422.      Evolutionists desire to show, next, that female kinship (in which children are recognized as belonging to their mothers, not their fathers) and dignity developed from polyandry, which would, of course, cause confusion as to fatherhood. But the Bible teaches us definitely that the human race began in absolute monogamy, with the family as a unit¾not the tribe¾and that woman’s place was secured for her by God Himself, who ordained that marriage should disjoint man from his kin. The evolutionist view is degrading to womanhood, since it represents the gradual subjugation of the female sex as a high road to human progress. Thus Bachofen taught:  “It was the assertion of fatherhood which delivered the mind from natural appearances [that the child was kin to its mother], and when this was successfully achieved, human existence was raised above the laws of natural life. The principle of motherhood is common to all spheres of animal life, but man goes beyond this tie in giving pre-eminence to the power of procreation, and thus becomes conscious of his higher vocation . . . victorious fatherhood thus becomes as distinctly connected with heavenly light as prolific motherhood is with teeming earth.”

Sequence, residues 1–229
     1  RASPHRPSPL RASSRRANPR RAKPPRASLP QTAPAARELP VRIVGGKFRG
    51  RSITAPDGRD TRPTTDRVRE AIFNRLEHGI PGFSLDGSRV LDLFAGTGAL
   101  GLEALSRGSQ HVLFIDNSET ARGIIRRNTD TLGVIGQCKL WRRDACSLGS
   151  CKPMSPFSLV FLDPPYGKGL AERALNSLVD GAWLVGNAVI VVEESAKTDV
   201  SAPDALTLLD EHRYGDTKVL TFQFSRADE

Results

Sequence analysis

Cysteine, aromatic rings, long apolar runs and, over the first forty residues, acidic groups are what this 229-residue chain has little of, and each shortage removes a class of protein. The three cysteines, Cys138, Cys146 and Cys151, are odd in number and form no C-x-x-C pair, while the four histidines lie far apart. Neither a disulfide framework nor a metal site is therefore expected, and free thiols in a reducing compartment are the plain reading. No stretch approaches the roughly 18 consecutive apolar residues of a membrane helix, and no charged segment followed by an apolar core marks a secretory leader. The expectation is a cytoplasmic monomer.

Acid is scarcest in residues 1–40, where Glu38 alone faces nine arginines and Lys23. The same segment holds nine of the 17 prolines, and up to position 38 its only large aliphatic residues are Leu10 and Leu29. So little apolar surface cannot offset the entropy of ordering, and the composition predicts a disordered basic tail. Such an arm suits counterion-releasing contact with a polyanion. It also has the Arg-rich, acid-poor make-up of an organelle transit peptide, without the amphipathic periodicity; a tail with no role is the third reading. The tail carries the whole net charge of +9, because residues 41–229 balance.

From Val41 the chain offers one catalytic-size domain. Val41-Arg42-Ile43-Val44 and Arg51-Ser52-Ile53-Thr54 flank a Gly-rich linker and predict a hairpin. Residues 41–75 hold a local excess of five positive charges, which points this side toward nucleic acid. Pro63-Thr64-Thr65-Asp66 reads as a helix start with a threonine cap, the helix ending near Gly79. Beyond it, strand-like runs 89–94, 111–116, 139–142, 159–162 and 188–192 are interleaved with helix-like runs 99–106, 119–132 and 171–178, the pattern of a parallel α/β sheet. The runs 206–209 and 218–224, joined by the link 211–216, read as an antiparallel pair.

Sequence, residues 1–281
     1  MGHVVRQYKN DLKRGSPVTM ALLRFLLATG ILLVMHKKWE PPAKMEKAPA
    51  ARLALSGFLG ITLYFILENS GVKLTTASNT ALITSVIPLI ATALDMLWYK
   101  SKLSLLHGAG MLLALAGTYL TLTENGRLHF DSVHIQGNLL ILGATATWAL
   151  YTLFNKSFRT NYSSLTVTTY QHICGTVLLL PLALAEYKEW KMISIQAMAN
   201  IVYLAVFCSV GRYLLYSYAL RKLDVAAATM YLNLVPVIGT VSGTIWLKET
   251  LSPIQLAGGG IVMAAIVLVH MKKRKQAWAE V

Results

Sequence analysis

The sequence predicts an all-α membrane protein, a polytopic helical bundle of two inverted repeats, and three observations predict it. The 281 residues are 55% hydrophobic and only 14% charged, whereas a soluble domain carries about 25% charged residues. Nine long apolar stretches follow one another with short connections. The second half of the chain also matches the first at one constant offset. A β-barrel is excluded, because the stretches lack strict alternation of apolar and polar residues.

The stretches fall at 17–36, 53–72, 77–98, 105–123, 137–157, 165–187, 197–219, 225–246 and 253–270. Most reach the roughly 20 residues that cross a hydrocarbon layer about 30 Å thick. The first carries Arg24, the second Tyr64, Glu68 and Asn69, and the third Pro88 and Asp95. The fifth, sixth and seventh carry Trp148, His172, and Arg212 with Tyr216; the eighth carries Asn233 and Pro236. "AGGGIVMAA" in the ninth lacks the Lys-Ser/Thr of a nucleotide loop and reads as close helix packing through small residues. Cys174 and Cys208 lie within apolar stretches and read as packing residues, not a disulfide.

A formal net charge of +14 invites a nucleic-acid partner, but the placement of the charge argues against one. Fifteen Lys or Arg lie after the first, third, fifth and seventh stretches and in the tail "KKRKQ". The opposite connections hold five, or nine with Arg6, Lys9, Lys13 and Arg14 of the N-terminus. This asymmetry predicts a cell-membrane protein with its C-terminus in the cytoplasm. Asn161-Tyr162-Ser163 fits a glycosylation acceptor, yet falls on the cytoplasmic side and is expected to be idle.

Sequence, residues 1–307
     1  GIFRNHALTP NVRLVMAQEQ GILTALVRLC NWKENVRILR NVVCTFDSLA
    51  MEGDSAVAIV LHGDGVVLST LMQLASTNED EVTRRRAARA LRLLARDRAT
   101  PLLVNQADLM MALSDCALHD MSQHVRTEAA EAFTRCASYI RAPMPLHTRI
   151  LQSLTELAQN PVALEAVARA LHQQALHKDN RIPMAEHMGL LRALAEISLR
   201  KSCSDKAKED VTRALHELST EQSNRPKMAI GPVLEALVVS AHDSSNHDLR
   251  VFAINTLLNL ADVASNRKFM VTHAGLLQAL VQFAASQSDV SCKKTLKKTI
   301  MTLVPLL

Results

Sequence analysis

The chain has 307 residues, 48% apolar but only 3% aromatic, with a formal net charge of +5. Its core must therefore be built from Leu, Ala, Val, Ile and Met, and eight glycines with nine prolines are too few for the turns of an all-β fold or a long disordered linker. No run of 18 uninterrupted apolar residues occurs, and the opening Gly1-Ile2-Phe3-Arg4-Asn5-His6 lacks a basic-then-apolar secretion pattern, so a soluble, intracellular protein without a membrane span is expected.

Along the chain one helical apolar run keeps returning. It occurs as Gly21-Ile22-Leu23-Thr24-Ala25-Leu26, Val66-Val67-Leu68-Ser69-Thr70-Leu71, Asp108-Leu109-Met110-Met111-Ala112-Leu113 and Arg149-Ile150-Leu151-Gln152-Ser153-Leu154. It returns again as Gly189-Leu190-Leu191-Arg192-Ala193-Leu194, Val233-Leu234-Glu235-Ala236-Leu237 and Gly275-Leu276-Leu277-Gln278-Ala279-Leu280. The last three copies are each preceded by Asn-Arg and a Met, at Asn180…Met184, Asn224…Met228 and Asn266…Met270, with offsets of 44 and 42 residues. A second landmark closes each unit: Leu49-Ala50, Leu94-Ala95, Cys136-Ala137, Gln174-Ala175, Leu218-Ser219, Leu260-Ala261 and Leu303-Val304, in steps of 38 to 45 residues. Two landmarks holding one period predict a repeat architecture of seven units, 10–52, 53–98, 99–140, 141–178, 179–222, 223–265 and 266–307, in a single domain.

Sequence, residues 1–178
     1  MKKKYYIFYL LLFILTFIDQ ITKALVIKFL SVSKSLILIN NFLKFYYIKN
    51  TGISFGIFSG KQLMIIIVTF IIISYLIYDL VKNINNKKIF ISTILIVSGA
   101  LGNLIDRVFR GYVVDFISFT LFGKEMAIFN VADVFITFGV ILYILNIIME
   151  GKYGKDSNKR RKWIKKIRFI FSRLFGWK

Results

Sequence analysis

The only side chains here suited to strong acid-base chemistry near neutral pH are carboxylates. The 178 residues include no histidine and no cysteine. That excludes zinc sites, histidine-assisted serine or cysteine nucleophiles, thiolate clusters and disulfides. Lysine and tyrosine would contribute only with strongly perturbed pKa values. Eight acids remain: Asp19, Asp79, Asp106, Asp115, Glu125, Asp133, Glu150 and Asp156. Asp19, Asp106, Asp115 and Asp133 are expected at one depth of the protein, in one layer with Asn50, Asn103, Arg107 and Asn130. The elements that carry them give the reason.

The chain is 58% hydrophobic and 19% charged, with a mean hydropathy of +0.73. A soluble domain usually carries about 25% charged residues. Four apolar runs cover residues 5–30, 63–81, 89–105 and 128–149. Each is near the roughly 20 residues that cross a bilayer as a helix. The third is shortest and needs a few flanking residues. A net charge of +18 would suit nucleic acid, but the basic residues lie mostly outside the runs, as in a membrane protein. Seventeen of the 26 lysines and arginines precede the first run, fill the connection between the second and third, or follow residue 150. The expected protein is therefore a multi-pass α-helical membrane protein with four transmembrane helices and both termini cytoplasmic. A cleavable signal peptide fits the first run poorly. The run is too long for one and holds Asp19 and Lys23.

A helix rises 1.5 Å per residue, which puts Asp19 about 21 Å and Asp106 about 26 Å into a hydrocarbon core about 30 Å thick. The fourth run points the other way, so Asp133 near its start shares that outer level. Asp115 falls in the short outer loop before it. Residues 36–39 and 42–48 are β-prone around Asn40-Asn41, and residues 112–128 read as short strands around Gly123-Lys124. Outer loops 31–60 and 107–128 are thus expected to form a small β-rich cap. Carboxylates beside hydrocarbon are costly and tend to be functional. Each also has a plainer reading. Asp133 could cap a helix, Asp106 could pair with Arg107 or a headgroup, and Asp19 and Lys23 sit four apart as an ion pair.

423.     But we note that it is fathers, not mothers, who so teach and that the “Light of this world” said once, even of religious instructors¾not merely physical but spiritual fathers¾“Call no man your father upon the earth; for One is your Father, which is in heaven,” (Matthew 23:9). While as concerning motherhood, He who brought down the heavenly light, and who was speaking in behalf of the truth, not in behalf of His sex, or any other sex, said: “Whosoever shall do the will of my Father which is in heaven, the same is my mother” (Matthew 12:50). So long as the prophecy stands, “The Seed of the woman shall bruise the serpent’s head,” woman, as mother, physical or spiritual, will have a Divine right to special dignity, if only she will not, like Esau, despise her birthright.

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[3] As lesson 7 shows, the primal form, or type, of marriage was characterized by female kinship.